Orphan Paintings is an exhibition that explores fundamental assumptions about art by presenting a collection of over 150 paintings of unknown origins. The works in the collection are in the style of Russian avant-garde masters of the early twentieth century, including Kasimir Malevich, Liubov Popova, and Alexander Rodchenko. These paintings came to the United States beginning in 2004 when Denver architectural photographer Ron Pollard began purchasing them from a mid-level insurance administrator in Aachen, Germany, who told him the works were discovered in an unclaimed shipping container in German customs. Pollard partnered with his brother and a friend to purchase the works and began a research effort to have them authenticated. An art appraiser valued a portion of the collection at over $50 million. A certified handwriting forensic expert indicated a high probability that the handwriting on one of the paintings was that of Kasimir Malevich. Despite this evidence, authentication eludes the collection and the paintings cannot be formally attributed to any specific artist.
Orphan Paintings explores questions about the status of art. What is an authentic art experience? What precisely are we appreciating when we look at a work of art? Are we appreciating what is visible to us, or is it a range of invisible factors, such as the belief that it was made by a master artist or the opinion of experts about its authenticity? This collection of unauthenticated Russian avant-garde paintings asks: can an art experience be authentic even if the status of the work of art remains questionable? Are there other forms of authenticity aside from its attribution to an artist?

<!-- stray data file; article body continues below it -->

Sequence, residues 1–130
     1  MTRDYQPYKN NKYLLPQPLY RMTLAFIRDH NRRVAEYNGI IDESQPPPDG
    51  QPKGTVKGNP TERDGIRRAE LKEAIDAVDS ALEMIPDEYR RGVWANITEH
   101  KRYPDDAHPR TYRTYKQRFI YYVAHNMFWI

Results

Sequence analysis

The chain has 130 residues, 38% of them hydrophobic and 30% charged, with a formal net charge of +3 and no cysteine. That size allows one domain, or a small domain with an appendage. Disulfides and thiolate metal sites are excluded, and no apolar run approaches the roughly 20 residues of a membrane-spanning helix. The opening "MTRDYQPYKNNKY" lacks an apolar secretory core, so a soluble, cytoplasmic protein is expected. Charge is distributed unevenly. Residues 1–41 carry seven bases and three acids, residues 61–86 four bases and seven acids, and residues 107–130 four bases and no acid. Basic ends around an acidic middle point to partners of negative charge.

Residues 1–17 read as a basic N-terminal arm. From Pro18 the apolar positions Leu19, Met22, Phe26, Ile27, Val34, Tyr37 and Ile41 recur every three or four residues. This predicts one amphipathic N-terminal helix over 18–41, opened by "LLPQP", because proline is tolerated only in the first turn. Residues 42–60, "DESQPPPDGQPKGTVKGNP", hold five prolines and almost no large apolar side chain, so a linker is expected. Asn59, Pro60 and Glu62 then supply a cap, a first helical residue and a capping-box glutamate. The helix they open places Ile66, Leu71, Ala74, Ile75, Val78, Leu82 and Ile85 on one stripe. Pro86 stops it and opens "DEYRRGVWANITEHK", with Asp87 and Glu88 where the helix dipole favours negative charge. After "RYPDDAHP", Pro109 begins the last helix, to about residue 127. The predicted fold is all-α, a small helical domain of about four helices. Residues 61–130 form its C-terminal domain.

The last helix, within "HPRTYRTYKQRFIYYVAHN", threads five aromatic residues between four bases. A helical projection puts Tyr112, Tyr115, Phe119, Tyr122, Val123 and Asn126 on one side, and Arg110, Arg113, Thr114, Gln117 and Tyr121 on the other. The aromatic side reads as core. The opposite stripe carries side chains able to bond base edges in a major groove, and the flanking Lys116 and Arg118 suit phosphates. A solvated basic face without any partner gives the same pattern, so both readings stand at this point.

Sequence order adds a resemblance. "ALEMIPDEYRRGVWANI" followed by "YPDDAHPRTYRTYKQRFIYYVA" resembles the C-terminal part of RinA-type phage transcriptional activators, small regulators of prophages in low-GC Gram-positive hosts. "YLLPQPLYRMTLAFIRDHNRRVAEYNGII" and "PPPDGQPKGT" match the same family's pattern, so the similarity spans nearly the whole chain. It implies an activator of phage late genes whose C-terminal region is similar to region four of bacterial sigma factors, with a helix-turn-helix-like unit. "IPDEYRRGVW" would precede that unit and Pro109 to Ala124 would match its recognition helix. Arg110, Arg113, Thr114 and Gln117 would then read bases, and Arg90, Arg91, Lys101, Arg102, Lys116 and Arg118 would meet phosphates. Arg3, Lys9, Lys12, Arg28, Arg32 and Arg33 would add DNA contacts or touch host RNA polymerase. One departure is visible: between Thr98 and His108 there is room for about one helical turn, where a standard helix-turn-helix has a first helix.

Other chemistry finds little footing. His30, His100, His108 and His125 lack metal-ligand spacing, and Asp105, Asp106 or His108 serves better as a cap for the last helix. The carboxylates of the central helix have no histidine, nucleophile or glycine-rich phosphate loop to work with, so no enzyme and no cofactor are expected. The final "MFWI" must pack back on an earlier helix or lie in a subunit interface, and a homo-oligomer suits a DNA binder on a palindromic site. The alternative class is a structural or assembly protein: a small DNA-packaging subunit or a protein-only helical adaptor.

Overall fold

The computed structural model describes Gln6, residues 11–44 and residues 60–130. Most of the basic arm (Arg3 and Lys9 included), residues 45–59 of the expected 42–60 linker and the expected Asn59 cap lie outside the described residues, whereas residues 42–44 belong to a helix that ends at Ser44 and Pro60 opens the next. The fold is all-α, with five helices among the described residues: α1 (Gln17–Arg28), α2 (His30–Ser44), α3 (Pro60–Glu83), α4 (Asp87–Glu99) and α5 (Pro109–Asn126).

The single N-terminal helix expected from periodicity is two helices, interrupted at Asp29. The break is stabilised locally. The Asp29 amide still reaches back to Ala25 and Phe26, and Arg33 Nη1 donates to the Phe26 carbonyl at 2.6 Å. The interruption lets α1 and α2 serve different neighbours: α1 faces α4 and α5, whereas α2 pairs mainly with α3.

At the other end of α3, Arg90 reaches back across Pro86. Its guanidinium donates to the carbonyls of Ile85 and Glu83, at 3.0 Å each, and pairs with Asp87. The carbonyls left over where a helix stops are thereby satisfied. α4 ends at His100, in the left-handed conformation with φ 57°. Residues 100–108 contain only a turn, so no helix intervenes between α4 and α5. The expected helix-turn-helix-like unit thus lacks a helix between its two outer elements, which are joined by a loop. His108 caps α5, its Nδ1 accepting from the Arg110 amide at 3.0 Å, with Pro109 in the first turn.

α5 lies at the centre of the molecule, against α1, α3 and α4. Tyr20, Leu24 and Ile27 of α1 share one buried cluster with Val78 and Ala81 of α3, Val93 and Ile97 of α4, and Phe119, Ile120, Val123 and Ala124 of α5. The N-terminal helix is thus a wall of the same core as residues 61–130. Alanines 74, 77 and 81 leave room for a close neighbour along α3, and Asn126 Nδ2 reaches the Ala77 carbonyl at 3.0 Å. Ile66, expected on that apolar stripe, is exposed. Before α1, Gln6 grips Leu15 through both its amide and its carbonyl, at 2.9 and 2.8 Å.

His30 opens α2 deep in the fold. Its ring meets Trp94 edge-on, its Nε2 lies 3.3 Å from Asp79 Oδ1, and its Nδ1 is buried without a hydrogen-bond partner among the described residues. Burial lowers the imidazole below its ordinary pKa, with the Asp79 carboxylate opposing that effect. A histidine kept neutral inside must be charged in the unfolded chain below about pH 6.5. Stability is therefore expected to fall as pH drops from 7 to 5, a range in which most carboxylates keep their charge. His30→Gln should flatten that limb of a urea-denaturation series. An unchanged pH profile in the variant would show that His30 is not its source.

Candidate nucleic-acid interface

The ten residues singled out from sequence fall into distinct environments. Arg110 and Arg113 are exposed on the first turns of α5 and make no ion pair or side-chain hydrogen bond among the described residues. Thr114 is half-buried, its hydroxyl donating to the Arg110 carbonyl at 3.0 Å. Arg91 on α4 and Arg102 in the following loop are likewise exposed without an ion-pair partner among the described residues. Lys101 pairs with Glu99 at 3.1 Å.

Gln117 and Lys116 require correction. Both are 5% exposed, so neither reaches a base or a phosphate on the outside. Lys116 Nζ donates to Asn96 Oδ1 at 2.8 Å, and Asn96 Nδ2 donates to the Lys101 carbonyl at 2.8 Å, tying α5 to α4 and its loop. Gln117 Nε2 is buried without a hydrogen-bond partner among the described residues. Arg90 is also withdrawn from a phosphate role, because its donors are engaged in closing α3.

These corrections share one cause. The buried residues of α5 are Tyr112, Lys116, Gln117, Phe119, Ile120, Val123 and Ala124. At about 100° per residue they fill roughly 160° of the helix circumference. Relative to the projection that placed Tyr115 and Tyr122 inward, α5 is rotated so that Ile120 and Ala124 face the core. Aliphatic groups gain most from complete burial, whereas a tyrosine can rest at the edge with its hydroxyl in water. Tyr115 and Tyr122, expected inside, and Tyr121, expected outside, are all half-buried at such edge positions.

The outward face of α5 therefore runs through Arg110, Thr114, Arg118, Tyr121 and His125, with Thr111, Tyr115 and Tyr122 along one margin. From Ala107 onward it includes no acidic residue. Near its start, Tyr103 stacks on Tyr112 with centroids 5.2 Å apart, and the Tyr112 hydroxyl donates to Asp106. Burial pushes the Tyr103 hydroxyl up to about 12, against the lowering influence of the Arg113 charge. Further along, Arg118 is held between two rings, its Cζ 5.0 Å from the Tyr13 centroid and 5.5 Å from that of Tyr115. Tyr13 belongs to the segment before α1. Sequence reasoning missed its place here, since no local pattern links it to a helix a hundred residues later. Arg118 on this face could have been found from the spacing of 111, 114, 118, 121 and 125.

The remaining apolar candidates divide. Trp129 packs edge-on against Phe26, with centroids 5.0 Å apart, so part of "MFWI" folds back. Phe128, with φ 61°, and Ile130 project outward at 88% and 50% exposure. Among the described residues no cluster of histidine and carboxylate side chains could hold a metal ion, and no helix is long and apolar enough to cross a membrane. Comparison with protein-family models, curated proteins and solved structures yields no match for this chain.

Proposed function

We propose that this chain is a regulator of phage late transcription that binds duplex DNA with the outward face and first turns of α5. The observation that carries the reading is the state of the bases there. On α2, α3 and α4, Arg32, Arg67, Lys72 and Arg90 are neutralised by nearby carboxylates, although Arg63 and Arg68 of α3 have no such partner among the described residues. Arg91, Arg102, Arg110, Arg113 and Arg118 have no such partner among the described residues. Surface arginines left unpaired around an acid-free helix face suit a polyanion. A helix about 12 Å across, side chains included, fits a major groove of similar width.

Orphan Paintings features over 150 works, considered by the collectors to be in the style of such artists as Kasimir Malevich, Ivan Kliun, Liubov Popova, Pavel Mansurov, Vladimir Tatlin, Albert Gleizes, Olga Rozanova, Ivan Puni, El Lissitzky, Nathan Altman, Vladimir Lebedev, Kliment Redko, Alexander Rodchenko, Bela Uitz, Alexandra Exter, Vera Pestel, Alexander Vesnin, Alexander Bogomazov, Lev Lapin, Vasili Ermilov, V. Stepanova, Nikoli Suetin, Ivan Chervinko and more.
The exhibition is curated by Adam Lerner. Adam Lerner is the Director and Chief Animator of the Museum of Contemporary Art Denver. He received his Ph.D. from the Johns Hopkins University and his Masters from Cambridge University. He was a Pre-doctoral fellow at the Smithsonian American Art Museum (1997-8) and is currently (2008-10) a Livingston Fellow of the Bonfils-Stanton Foundation, awarded to emerging leaders in the non-profit sector. Mark Sofield is the exhibition designer and consulting curator for the exhibition. Sofield is an architect and principal of Prospect Land Company, Longmont, Colorado.